With more than half of organic food sales having been made in so-called “mainstream grocers, club stores and retailers,” in 2009, the category is expanding its audience, according to the Organic Trade Association.
Educated families appear to be among the steadiest demographic category of organic consumers, according to the OTA, which released a study that reported 41% of parents said in 2009 they were buying more organic foods than a year earlier. According to s similar survey in 2008, 31% of parents said they had increased organic purchases.
“Demographically, a lot of people are young parents that are buying,” said Barbara Haumann, spokeswoman for the OTA. “What it shows is it’s not so much demographics — it’s more the level of education than income levels. In other words, if people are choosing organics, they either have more education or have wider view on the world, i.e. the connectedness on what you purchase and how it affects your family and the wider world.”
David Lively, marketing director at Eugene, Ore.-based Organically Grown Co., agreed.
“I know retailers like Whole Foods and New Seasons (Market) say the No. 1 demographic they look for in deciding where to put a store is education,” Lively said. “They appeal to people who want a lot of information, where it comes from, how it got there.”
The OTA also reported more consumers were looking for the U.S. Department of Agriculture’s organic seal, and that 70% of parents overall and 90% of organic buyers specifically are familiar with the USDA Organic seal, which was up “significantly” over levels of familiarity reported a year earlier.
The growth of the organic fruit and vegetable category and consumer familiarity with it should come as no surprise, said Chris Smotherman, a salesman with Kern Ridge Growers LLC, Arvin, Calif.
“They’ve been around a bit longer, so they’re getting more exposure, and more people are taking a look at them and buying them,” Smotherman said. “Before, it was just those who were ultra-health-conscious that were buying them. Now, some people who go to the store who aren’t particularly health-conscious may buy them if they’re priced well.”
The OTA’s findings about who buys organics appear to be on the mark, according to Craig Hope, chief customer officer for Earthbound Farm, San Juan Bautista, Calif.
“We’re seeing the demographic profile of the shopper who chooses organic to be pretty steady,” he said. “They tend to be younger, having grown up in a time when organic was more mainstream than too crunchy. And the biggest determiner has been and still seems to be level of education.”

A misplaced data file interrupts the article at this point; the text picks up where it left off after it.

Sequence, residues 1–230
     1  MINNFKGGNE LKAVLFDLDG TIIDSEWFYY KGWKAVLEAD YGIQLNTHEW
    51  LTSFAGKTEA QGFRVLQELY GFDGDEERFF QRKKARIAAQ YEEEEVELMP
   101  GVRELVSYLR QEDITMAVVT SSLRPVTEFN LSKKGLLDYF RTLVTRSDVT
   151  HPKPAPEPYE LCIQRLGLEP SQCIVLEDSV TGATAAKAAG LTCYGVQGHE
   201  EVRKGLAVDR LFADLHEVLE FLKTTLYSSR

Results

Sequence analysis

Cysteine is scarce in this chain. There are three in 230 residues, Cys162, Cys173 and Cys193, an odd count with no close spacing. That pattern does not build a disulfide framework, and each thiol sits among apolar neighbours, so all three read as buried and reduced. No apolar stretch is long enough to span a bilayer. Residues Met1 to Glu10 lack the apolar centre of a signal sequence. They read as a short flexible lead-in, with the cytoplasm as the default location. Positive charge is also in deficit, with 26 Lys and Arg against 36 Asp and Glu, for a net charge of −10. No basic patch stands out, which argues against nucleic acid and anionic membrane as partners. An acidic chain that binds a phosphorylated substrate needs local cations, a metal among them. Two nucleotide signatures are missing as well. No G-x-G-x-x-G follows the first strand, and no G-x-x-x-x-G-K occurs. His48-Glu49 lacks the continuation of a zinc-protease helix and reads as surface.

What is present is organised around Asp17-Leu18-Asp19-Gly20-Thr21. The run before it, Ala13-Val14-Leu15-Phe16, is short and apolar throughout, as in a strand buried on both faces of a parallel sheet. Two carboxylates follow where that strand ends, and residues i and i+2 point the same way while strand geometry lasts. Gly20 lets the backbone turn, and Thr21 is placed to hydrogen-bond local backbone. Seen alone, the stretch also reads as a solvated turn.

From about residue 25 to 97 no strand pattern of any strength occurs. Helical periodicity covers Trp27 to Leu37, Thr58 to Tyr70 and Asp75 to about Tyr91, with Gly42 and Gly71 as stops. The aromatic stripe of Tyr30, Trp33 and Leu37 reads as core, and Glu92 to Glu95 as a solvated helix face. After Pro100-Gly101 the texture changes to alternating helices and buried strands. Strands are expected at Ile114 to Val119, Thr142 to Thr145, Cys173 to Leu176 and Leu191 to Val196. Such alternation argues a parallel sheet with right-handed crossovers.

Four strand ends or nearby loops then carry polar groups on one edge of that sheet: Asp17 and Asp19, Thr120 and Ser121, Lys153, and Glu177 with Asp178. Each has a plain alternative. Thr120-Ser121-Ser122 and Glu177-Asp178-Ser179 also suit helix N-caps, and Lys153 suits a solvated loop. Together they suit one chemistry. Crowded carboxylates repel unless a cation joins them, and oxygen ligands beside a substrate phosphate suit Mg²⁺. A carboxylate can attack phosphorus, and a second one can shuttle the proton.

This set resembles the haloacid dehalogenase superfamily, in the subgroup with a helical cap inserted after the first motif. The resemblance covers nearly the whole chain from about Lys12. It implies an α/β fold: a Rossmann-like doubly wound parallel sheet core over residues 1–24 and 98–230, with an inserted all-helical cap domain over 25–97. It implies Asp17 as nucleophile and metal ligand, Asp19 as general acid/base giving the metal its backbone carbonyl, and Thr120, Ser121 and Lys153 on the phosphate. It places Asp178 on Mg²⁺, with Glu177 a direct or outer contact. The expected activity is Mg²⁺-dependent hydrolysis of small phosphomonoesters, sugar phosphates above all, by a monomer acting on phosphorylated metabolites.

Suzanne Wolter, marketing director for Rainier Fruit Co., Selah, Wash., cited a 2009 Perishables Group Inc. study that found organic apple consumers also were purchasing conventional apples.
“Organic apples present a trade-up opportunity for conventional apple shoppers,” Wolter said. “Growth is coming from ‘light’ organic buyers who are driven by impulse.”
Organic shoppers likely comprise a broader group than many people think, said Simcha Weinstein, marketing director for Albert’s Organics, Bridgeport, N.J.
“The industry is often broad-stroked and portrayed as white, affluent, well-educated, liberal-leaning, between 35 and 55, and predominantly female. These profiles simply don’t hold up,” he said. “People who buy organic foods are linked by their values and not by their demographics.”
Weinstein said it has become more difficult to identify the organic consumer in a diversified population.
“The demographic group purchasing organic foods that has grown the most in the past 10 years has been within the Hispanic community,” he said. “The idea that organic and natural foods are consumed mostly by white affluent suburbanites is quickly changing.”
As children of the baby boom generation have come of age, having grown up eating organic foods, a younger demographic of organic consumers has emerged, as well, Weinstein noted.
A parade of mainstream retailers carrying organic produce has been there to meet the needs of those demographics, said Ron Carkoski, president of Four Seasons Produce, Ephrata, Pa.
“We’ve had a significant influx of health food stores that have joined our ranks in terms of buying products, but we’ve also continued to strengthen with independent retailers who are conventional but are expanding organic sales,” he said.
“We continue to deal with chains that have brought on fairly strong chain business — chains that people would recognize well. It seems to me all categories that are working with organics seem to be in this marketplace growing and being successful.”